To James Madison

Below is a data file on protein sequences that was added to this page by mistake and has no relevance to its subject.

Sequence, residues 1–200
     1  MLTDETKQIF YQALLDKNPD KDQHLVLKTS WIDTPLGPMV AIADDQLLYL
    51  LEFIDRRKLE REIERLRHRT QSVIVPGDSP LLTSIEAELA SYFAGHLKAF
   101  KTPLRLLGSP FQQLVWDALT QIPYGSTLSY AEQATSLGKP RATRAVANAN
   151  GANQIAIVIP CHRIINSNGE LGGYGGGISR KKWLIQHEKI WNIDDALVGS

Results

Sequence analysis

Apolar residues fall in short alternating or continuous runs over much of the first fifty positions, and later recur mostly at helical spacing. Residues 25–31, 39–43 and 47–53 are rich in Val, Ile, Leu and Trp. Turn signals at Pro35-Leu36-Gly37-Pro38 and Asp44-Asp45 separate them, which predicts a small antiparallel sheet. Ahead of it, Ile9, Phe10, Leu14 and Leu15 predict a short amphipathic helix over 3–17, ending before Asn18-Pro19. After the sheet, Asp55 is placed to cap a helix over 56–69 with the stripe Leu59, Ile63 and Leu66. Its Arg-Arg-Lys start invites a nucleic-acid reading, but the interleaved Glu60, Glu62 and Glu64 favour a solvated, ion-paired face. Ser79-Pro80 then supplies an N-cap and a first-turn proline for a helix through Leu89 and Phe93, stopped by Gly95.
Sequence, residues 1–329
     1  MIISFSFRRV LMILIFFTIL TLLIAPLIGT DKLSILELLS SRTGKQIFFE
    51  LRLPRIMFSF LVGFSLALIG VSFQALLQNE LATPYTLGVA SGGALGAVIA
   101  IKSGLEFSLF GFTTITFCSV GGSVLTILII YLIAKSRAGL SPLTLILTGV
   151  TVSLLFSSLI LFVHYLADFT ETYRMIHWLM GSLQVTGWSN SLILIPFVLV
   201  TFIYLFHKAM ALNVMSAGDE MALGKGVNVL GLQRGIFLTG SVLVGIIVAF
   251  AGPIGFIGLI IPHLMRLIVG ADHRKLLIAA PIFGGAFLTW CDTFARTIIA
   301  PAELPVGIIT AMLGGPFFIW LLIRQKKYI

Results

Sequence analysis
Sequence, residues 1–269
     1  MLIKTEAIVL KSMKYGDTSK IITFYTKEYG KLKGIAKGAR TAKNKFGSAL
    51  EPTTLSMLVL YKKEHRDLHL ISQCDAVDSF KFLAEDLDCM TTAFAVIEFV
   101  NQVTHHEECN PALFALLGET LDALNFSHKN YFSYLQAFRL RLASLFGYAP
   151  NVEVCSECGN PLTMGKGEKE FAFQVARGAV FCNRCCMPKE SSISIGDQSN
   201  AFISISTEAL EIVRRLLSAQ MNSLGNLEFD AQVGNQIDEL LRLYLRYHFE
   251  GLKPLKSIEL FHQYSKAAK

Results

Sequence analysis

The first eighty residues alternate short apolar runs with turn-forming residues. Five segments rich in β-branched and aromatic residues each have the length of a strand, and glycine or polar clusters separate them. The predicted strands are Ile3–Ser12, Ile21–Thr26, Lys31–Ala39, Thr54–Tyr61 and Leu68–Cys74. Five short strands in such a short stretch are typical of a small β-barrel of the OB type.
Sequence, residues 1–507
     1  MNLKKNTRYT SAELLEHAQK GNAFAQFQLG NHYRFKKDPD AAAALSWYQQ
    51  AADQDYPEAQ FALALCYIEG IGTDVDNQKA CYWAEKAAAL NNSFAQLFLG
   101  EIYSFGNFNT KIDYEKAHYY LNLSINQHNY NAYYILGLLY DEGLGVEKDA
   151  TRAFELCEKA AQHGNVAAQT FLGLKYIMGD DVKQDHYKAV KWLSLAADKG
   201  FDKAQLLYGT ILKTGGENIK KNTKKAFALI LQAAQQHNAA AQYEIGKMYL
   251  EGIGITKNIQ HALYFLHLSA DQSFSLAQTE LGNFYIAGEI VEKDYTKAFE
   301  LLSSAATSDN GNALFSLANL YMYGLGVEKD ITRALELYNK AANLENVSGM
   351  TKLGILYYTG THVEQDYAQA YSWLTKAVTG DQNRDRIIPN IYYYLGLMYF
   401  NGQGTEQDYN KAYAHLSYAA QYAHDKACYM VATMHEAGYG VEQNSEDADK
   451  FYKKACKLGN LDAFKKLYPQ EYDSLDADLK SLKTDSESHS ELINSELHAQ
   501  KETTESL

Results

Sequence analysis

Fontainebleau Oct. 28. 1785.